The creative faculties of man appear to have no bound.  A simple look at the displays of paintings, sculptures and other craftsmanship in an art museum,or the diverse and imaginative selections of cinema and theater productions that have been created reveals the distinct image of God in us. Libraries full of diverse books that have been written about worlds near and far as well as the swift advances in technology with computers, automobiles, aeronautics and medical research so clearly demonstrates man’s creative brilliance that it can scarcely be denied that he is made in the image and likeness of God, who has created all things visible and invisible.

Man also reflects God mentally in the emotions he feels and expresses. Scripture reveals that God feels joy, love, anger and hate among multitudes of other feelings..  All of these emotions man has the capacity for as well.  However in his fallen state, his emotional capacity is corrupted and often his heart is ruled by emotions gone amuck.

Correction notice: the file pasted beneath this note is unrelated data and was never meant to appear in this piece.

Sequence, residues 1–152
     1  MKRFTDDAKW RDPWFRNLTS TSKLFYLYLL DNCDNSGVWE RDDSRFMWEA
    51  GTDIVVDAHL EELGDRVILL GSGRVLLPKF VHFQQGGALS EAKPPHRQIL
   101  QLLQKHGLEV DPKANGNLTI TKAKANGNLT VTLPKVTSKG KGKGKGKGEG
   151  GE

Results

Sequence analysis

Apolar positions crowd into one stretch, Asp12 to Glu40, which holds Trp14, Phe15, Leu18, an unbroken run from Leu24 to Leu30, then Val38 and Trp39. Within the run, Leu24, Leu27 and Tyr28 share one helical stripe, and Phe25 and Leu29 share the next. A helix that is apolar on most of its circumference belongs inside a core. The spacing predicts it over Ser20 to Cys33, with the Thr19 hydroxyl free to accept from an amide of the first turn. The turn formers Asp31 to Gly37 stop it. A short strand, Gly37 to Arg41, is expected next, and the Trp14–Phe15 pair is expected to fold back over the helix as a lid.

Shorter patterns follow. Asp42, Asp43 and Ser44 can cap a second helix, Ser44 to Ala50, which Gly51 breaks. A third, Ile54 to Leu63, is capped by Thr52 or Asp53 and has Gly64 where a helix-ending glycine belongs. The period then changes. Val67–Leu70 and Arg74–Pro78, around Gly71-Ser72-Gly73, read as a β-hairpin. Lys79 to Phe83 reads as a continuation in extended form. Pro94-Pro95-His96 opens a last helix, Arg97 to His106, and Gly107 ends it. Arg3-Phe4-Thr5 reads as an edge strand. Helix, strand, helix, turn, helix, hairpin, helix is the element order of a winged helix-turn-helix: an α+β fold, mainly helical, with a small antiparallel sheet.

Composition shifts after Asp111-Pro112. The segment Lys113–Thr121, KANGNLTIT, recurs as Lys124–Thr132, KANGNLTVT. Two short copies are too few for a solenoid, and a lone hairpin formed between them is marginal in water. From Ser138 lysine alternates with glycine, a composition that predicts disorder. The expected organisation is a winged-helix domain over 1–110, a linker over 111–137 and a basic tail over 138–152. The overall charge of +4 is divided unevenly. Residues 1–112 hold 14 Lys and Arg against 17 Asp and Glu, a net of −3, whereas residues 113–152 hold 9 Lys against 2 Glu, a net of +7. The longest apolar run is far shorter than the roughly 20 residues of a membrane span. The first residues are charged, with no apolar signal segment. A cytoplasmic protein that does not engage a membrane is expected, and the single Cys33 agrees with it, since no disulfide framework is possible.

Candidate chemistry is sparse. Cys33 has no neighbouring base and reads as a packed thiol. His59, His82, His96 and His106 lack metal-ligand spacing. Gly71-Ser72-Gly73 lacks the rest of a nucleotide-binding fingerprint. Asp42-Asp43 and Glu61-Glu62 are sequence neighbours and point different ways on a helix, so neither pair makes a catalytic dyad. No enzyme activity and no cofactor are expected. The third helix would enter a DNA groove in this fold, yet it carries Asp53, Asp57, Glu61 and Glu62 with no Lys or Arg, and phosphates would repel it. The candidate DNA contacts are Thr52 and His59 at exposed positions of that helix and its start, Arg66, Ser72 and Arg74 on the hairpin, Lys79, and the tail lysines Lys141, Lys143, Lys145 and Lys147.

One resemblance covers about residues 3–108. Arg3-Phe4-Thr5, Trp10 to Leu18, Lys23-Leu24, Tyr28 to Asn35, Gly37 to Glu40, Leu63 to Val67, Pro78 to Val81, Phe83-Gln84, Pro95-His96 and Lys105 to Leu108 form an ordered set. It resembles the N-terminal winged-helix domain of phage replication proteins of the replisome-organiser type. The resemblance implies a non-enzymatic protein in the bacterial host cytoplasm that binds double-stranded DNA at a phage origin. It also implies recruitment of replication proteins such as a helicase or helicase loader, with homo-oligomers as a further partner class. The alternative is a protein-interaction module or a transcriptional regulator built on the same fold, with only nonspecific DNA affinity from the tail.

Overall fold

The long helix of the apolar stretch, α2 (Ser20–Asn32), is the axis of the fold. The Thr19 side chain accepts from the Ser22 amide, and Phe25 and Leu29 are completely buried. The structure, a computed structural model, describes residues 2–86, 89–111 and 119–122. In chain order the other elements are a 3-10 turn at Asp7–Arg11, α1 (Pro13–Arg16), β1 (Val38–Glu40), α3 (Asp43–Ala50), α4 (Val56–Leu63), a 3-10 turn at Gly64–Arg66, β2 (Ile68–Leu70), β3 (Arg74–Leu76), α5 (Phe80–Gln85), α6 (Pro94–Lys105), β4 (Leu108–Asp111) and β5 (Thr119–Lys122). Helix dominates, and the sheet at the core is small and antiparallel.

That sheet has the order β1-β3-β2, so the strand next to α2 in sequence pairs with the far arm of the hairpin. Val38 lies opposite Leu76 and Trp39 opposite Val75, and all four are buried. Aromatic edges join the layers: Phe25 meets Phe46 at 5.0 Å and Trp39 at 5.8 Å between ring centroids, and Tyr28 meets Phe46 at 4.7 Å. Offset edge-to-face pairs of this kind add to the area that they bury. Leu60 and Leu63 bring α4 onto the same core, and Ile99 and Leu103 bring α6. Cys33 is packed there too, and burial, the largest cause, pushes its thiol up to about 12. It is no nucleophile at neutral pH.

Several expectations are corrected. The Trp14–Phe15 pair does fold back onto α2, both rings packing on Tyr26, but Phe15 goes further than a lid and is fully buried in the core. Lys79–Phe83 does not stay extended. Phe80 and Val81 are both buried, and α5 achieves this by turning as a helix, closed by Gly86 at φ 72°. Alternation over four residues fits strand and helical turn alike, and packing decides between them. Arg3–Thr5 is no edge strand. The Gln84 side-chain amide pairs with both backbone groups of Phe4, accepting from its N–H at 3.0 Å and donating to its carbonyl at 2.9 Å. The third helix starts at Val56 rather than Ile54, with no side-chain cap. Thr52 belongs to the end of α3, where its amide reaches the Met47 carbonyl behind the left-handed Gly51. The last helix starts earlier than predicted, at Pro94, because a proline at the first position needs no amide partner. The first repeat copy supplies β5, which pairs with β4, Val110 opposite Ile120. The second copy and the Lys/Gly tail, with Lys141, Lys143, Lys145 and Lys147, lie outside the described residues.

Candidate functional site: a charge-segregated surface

Relationally.  God in his infinite wisdom has instituted a series of relationships in society in order to give us a tangible, understandable demonstration of the way in which we are to relate to God.  In marriage our spouse is a reflection of a believer’s relation to Christ. The scriptures compare the body of believers to an earthly bride.  Paul admonishes husbands to love their wives just as Christ loved the church and gave himself for her.  Children mirror our relationship to our Heavenly Father. We are his children who look to him to provide for our every need and who preserves and cherishes us as his very own.  Without the earthly family structure we could never rightly understand how God relates to us.

I should point out that when I use the term ‘man’ I am referring to the entire human race, both male and female.  Woman was made from man, as represented by God taking out one of Adam’s ribs and forming her from it.  Woman was created out of man and thus, was also made in the image and likeness of God in exactly the same way as man.  Woman is not an inferior creation by God but is equal in every way to man.  She is only subordinate to man in the authority God has given.

Adam was a complete person and did not lack any one virtue within himself, perfectly reflecting God’s image.  Taking a part of him out and forming woman demonstrates that the relationship of man and woman uniting and becoming one flesh is an act of completing each other. It is a reuniting of the wholeness of man. Apart from this bond both man and woman are incomplete.  This again, represents our relationship to Christ.   Apart from union with him we are not whole.

To be Continued…